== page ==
Small businesses in Kansas that were forced to close or limit their operations during the COVID-19 pandemic will soon be able to apply for up to $10,000 in assistance. As Kansas Public Radio’s Jim McLean reports, the money is earmarked for retail businesses that depend on foot traffic to survive.
Federal money will pay for property tax refunds for some small businesses that lost money in the wake of various efforts to control the spread of COVID-19.
By Jim McLean, Kansas Public Radio and the Kansas News Service
LAWRENCE, Kan. (KPR) – Tish Cobb figures she lost about $15,000 in the spring of 2020 when state and local health orders aimed at slowing the spread of the coronavirus shut down her hair salon.
“I lost business,” she said, “for eight weeks.”
Subsequent orders that limited the number of customers she could serve also cost her money.
Now, she and other small business owners can recoup some of their COVID-19 pandemic losses through a program established by the Retail Storefront Property Tax Relief Act passed in the final days of the Kansas Legislature’s 2022 session and signed into law by Gov. Laura Kelly in June.
The law earmarks $50 million in federal COVID tax dollars for partial property tax refunds to retail businesses forced to close or cut occupancy during the pandemic. Businesses with pandemic-related losses in 2020 and 2021 are eligible for up to $10,000 – $5,000 for each year.
The Kansas Department of Revenue will start processing refund applications in October.
Revenue Secretary Mark Burghart said the agency is putting the finishing touches on a one-page application that business owners will complete online.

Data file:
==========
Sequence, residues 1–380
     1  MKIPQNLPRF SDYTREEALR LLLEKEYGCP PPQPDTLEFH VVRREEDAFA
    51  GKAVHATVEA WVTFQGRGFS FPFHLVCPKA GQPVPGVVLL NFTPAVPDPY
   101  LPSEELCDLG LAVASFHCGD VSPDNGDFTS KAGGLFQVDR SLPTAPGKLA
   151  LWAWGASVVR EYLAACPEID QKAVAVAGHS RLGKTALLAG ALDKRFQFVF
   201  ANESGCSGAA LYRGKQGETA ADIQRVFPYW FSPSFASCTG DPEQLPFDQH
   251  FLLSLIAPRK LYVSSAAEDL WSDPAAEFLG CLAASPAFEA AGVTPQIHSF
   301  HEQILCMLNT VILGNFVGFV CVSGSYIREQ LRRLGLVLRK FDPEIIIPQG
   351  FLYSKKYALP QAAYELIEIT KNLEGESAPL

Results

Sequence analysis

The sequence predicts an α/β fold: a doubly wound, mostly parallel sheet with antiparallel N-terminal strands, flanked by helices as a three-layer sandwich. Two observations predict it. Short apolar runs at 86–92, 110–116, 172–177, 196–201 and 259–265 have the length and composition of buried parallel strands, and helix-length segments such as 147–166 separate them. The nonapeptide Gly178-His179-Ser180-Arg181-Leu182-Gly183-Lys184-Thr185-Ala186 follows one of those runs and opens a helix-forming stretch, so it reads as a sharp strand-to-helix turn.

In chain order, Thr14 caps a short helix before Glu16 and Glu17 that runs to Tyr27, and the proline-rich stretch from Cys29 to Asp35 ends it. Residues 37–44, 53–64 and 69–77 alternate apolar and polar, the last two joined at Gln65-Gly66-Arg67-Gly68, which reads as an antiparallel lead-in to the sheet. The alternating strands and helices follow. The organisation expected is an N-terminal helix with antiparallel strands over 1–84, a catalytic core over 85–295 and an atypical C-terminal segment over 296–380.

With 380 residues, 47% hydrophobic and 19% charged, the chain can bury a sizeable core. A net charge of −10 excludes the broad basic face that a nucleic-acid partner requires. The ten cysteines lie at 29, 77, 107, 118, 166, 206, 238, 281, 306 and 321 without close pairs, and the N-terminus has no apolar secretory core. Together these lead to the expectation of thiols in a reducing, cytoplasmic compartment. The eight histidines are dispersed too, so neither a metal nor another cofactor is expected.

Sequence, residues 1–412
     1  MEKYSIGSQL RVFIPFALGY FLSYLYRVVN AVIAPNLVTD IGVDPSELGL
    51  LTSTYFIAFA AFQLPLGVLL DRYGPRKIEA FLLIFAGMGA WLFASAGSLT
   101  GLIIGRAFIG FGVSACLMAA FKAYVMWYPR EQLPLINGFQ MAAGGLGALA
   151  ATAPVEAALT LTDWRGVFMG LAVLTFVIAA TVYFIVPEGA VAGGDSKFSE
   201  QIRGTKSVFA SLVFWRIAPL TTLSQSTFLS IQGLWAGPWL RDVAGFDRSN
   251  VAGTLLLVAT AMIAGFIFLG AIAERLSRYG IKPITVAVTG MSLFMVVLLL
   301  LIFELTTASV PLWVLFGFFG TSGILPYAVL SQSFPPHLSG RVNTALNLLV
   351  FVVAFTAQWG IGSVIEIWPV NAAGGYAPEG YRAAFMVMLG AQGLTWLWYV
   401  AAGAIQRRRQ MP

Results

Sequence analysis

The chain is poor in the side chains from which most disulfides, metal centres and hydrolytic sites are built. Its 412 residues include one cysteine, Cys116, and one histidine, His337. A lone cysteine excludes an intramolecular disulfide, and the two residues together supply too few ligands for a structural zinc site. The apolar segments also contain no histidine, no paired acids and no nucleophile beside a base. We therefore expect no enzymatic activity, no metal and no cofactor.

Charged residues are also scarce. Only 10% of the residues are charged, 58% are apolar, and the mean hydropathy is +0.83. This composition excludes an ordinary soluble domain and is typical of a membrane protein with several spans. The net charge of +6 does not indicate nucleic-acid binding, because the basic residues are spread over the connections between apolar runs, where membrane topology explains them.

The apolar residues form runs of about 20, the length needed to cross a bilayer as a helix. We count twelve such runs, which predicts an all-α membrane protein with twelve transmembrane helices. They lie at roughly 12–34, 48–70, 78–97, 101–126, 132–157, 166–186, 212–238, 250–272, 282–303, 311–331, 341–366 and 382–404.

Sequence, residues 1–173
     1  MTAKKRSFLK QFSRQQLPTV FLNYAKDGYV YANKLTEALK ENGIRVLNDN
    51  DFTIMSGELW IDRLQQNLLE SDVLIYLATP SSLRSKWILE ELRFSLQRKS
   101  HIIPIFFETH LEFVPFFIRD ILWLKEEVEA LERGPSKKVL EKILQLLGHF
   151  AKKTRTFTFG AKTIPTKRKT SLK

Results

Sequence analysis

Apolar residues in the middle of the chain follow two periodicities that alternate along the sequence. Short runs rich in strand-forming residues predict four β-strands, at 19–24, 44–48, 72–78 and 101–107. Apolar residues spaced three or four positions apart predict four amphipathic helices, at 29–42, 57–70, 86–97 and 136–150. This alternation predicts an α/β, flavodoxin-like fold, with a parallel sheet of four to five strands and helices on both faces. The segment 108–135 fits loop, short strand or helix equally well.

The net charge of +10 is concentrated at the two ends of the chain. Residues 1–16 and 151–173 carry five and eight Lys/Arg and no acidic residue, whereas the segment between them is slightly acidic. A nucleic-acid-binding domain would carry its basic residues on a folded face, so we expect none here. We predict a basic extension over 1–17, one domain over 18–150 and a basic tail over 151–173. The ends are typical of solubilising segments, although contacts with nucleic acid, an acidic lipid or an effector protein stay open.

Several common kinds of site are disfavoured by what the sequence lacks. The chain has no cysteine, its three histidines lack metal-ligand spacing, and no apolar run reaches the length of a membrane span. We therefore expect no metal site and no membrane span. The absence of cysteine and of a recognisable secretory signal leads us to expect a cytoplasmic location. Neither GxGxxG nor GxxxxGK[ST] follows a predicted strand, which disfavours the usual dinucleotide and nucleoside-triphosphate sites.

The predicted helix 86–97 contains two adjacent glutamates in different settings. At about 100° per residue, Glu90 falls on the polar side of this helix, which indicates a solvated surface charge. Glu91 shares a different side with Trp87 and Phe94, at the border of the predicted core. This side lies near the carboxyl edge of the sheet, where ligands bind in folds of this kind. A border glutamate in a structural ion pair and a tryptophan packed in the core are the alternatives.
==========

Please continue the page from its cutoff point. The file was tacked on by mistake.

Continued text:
“We’re trying to keep this as simple as possible,” Burghart said.
A date hasn’t been set for the start of applications, he said, because the agency is still testing is website.
Only certain brick-and-mortar businesses are eligible for the refunds. Cobb’s salon, located in downtown Lawrence, qualifies. So do restaurants and other types of small retailers.
But the law excludes a long list of businesses, including grocery stores, pharmacies, liquor stores and service providers. Nonprofits, online businesses and companies that received more than $150,000 in Payroll Protection Loans or other types of federal and state COVID-19 assistance are also ineligible.
“That’s the way it should be,” Cobb said. “It was hard hearing about big companies getting bailouts when I don’t think they were impacted like we were.”
Refund amounts will be based on a businesses’ property taxes and the number of days it was affected by public health orders.
To assist businesses owners who may have incomplete records, the Department of Revenue has created a database of all the orders issued by the state and local governments during the pandemic. It will be linked to the online application form.
Business owners intending to apply for a refund from the state must first register online for a federal ID number. Due to a backlog, Burghart said, that could take some time. So, he’s encouraging businesses to start the process before the state begins accepting refund applications.
“Because,” he said, “we will not be able to accept the application without that number.”
Kansas businesses have until April 15, 2023 to apply for assistance.
Jim McLean is the Statehouse Bureau Chief for Kansas Public Radio and the senior political reporter for the Kansas News Service. Follow him on Twitter @jmcleanks. The Kansas News Service is a collaboration of Kansas Public Radio, KCUR, KMUW and High Plains Public Radio - focused on health, the social determinants of health and their connection to public policy. Kansas News Service stories and photos may be republished by news media at no cost with proper attribution for the Kansas News Service.